Juvenile Drug Courts Essay example

1783 Words 8 Pages
Juvenile Drug Courts

Drugs and our youth, the numbers are rising. More and more children today are using drugs without their parents knowing. What happens when they get caught? It all depends on who caught them. If it is the parents, usually a big punishment. If it is law enforcement they may have to appear in front of drug courts specialized to handle juvenile cases. Sometimes the parents may even turn them in, just for the treatment and help these special courts can offer. The juveniles are then referred to juvenile drug courts for help. Today there are 72 juvenile drug courts in operation in 41 states in the United States, with more to come in the future What exactly is a juvenile drug court? What do they do? How do
…show more content…
With the seemingly rising numbers in juveniles with drug problems there is a need more than ever to specialize programs to help our nations youth. They are needed to help these children overcome their addiction and clean up their act and move on to bigger and better things. Mostly, first time drug offenders are sent to these courts to help before it is too late. Drugs are not the only thing that can send a juvenile to court, alcohol charges can as well. Another important aspect is to ensure that these teens stay clean. If they don't they can end up with detention sentences, home incarceration, or possibly moved into the adult court system. Using one example of how drug courts work is from King County, Washington. Superior Court Judge Laura Inveen is over the juvenile drug court in King County. "Twenty-five teenagers appear before her every Thursday in the 4-month-old drug court. All of the youths referred to the court have been either charged with a drug or alcohol offense, or they are accused of committing property crimes while under the influence of drugs or alcohol. Juveniles charged with violent or sex-related offenses are excluded. Participating teenagers must attend weekly court hearings, complete court-ordered treatment, attend school, participate in individual, group and family counseling, and undergo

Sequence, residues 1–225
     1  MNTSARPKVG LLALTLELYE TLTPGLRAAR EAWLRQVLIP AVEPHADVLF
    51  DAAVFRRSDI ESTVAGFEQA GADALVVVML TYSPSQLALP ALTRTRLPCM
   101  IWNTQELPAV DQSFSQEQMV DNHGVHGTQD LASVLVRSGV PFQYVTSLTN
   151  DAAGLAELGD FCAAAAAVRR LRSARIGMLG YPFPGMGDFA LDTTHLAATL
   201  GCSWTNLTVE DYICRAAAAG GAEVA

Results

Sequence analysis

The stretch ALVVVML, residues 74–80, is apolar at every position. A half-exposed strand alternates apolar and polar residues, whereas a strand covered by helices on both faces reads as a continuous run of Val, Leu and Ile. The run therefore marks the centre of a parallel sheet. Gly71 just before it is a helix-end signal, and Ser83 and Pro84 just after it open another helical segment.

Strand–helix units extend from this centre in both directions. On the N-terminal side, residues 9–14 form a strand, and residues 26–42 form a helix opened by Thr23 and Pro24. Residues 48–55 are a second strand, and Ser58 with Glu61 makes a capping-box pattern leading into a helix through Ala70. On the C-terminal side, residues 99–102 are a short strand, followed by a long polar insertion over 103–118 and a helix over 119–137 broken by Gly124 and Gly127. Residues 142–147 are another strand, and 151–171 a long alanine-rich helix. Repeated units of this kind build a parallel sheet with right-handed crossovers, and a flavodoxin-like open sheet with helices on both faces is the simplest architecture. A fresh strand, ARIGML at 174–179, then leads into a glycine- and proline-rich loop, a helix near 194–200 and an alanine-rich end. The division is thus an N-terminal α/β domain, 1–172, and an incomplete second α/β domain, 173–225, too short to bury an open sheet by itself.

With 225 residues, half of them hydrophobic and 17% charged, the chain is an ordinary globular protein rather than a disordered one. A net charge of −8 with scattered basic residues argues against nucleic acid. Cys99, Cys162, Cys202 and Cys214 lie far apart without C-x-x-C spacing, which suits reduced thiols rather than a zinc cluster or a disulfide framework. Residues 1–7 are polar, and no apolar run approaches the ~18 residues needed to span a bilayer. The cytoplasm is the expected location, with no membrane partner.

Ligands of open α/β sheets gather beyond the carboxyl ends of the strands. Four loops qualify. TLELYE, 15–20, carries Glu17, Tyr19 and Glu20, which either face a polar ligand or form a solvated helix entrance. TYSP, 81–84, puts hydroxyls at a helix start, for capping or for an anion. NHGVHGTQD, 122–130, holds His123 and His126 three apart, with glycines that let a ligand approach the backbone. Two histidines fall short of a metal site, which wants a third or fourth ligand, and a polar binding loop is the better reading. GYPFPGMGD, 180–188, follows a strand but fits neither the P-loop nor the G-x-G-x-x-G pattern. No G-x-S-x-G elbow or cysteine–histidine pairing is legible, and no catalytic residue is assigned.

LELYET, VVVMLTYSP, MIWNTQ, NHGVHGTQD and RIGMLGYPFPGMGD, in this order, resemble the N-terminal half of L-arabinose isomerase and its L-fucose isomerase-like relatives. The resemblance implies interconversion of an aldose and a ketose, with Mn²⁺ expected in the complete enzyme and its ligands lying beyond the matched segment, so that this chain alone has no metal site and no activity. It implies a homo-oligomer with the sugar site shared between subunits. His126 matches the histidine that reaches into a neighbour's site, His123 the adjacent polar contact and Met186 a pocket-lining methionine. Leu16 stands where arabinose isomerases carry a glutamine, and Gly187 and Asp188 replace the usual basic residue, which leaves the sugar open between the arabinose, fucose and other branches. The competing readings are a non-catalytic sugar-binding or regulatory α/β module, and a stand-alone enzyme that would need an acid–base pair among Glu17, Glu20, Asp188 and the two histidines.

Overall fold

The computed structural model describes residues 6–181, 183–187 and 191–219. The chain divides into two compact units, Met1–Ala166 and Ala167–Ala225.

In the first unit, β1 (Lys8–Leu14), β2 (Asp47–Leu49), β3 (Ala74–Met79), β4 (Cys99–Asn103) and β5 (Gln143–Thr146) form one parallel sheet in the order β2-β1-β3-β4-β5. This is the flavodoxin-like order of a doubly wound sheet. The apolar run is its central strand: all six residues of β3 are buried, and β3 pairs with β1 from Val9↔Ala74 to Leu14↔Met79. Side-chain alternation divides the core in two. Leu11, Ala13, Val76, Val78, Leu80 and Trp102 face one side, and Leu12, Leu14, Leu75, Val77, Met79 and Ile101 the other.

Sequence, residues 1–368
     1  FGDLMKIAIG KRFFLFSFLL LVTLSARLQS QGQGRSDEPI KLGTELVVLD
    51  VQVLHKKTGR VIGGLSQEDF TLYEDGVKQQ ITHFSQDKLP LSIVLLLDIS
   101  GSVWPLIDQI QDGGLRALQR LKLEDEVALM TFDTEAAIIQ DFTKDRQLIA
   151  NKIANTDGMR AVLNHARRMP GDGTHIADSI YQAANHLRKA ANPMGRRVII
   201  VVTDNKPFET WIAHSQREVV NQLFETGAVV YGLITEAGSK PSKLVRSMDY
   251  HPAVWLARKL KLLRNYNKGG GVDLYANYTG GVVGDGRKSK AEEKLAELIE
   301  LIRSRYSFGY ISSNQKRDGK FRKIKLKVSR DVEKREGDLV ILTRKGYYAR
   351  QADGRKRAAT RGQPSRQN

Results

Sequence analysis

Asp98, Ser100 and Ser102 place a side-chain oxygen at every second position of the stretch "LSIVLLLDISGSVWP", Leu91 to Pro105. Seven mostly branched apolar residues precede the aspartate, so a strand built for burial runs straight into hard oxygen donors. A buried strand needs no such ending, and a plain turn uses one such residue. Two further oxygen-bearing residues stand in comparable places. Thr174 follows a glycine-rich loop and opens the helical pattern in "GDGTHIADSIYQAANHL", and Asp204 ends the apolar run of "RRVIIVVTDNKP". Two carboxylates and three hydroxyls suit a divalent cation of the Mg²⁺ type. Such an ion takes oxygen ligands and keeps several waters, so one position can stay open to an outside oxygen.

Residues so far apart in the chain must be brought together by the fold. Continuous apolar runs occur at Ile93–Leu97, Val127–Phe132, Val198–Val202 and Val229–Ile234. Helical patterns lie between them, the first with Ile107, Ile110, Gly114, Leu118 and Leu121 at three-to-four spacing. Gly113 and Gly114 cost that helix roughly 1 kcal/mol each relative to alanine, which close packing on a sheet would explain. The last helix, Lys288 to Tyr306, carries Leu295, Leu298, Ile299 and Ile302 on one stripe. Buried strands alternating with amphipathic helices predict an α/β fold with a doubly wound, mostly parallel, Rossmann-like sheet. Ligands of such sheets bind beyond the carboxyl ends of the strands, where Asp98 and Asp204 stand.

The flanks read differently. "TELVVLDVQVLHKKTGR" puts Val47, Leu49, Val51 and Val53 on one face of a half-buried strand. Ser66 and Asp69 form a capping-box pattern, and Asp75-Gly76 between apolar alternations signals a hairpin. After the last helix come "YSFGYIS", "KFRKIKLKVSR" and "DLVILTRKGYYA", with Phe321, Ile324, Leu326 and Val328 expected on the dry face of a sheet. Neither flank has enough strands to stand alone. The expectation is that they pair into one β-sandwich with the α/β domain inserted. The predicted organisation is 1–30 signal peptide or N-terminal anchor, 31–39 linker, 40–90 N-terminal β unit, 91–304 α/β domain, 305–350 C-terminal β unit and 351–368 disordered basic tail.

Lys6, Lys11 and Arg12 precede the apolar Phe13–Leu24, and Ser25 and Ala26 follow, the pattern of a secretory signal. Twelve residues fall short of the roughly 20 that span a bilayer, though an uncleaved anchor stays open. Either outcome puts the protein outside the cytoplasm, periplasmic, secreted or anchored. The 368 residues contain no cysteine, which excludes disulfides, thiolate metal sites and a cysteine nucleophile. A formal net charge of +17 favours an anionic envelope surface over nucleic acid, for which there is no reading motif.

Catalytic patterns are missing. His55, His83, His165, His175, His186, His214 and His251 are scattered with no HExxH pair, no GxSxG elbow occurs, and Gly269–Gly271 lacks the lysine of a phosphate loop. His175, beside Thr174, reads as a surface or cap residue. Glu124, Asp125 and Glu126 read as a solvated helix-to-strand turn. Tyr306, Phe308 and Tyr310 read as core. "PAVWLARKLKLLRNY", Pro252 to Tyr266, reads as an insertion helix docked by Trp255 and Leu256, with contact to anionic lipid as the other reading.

Open Document